SourceResearch in Developmental Disabilities, 23, 4, (2002), pp. 285-292
Article / Letter to editor
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SW OZ BSI OLO
SW OZ BSI OGG
Research in Developmental Disabilities
SubjectAtypical development in communications and cognition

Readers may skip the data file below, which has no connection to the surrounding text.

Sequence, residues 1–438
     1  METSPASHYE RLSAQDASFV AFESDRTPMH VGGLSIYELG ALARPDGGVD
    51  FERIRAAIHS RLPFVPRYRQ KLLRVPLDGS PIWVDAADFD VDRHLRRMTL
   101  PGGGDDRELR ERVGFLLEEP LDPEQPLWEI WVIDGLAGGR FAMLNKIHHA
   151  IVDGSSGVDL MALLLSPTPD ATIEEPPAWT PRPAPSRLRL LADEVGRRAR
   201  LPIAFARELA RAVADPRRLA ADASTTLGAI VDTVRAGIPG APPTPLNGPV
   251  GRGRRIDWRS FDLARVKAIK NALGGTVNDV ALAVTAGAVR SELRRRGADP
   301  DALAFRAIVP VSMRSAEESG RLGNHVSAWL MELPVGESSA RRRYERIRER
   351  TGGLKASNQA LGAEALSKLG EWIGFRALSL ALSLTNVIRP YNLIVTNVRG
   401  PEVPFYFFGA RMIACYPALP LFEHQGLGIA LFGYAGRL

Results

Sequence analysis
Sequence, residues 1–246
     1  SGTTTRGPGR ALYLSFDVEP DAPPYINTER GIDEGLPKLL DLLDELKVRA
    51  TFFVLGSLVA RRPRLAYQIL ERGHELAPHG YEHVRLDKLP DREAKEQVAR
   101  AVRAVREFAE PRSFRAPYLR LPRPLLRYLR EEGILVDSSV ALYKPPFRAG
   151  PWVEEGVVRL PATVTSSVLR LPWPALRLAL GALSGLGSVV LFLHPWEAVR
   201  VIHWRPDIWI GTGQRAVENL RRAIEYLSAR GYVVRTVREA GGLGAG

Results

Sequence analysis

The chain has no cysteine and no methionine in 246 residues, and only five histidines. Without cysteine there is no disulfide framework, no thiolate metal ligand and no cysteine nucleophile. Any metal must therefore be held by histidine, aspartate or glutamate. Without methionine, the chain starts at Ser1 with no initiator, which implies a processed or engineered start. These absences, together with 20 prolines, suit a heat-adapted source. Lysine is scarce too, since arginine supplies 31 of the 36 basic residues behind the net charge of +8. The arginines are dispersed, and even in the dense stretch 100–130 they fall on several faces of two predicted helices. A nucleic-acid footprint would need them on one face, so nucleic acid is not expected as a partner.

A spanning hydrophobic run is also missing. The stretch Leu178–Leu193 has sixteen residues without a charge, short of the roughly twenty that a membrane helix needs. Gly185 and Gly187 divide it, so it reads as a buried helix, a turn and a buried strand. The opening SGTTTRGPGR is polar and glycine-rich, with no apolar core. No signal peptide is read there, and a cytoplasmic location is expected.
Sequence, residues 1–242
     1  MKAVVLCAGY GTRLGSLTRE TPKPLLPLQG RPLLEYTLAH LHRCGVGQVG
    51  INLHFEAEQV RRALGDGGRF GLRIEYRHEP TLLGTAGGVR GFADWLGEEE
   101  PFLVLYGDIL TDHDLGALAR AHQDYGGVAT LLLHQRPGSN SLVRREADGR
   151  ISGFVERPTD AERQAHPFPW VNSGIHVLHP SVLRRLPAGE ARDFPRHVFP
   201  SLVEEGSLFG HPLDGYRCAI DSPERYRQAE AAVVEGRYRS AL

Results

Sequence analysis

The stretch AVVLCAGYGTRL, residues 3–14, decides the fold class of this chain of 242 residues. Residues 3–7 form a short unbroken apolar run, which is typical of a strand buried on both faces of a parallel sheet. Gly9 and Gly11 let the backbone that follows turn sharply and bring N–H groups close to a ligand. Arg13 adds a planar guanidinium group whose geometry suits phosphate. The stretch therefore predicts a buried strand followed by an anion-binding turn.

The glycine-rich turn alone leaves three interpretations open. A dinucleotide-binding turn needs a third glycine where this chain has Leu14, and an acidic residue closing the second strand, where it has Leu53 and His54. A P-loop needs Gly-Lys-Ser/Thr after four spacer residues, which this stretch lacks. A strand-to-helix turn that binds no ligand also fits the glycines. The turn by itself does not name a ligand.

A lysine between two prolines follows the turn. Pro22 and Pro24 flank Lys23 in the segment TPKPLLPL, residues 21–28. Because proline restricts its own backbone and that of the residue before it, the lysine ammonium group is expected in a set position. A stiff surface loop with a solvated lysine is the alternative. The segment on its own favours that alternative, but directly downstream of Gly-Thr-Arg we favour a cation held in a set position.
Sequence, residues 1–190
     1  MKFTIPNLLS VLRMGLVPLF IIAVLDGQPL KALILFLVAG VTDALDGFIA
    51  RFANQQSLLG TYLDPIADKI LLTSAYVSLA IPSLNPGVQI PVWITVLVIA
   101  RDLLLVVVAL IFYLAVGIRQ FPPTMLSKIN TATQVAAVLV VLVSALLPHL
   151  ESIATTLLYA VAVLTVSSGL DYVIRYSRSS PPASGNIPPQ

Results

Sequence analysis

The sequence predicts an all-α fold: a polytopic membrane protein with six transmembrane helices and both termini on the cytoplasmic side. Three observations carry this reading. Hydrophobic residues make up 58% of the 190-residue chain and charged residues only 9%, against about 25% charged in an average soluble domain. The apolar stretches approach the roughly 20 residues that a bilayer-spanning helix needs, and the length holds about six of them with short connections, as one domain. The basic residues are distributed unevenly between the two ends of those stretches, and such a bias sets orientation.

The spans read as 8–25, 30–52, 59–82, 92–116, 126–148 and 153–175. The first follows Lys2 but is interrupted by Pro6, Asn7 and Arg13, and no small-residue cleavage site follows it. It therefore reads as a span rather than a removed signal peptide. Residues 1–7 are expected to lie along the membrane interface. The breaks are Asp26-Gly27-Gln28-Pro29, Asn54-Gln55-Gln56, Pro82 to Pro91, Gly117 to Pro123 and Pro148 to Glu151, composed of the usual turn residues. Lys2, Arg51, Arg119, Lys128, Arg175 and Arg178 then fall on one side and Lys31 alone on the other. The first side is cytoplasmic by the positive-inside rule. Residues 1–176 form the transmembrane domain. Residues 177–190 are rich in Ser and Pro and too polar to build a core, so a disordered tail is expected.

Contingent shock (CS) has been used in a number of studies to suppress health-threatening self-injurious behavior of individuals with mental retardation and autism. As sustained suppression is an issue of concern, research into procedural variables of CS is needed. In this study, clinical evidence was used to infer a variable that might be of relevance for the application of clinical contingent shock, that is, to assess the effect of single versus repeated shock at a specific location on the body. With pain intensity and startle response as dependent variables, shocks were administered to 48 healthy volunteers. Electric shocks were identical to those that used in clinical practice. The second shock in succession to the same location of the body produced higher pain intensity ratings than the first shock and that the third shock in succession to the same location of the body produced higher pain intensity ratings than the second shock in succession. Startle responses, however, failed to be affected in this direction. The latter result is consistent with a previous study. Our data suggest that repeated shock to the same location is likely to be more effective to establish suppression than repeated shock to different locations.
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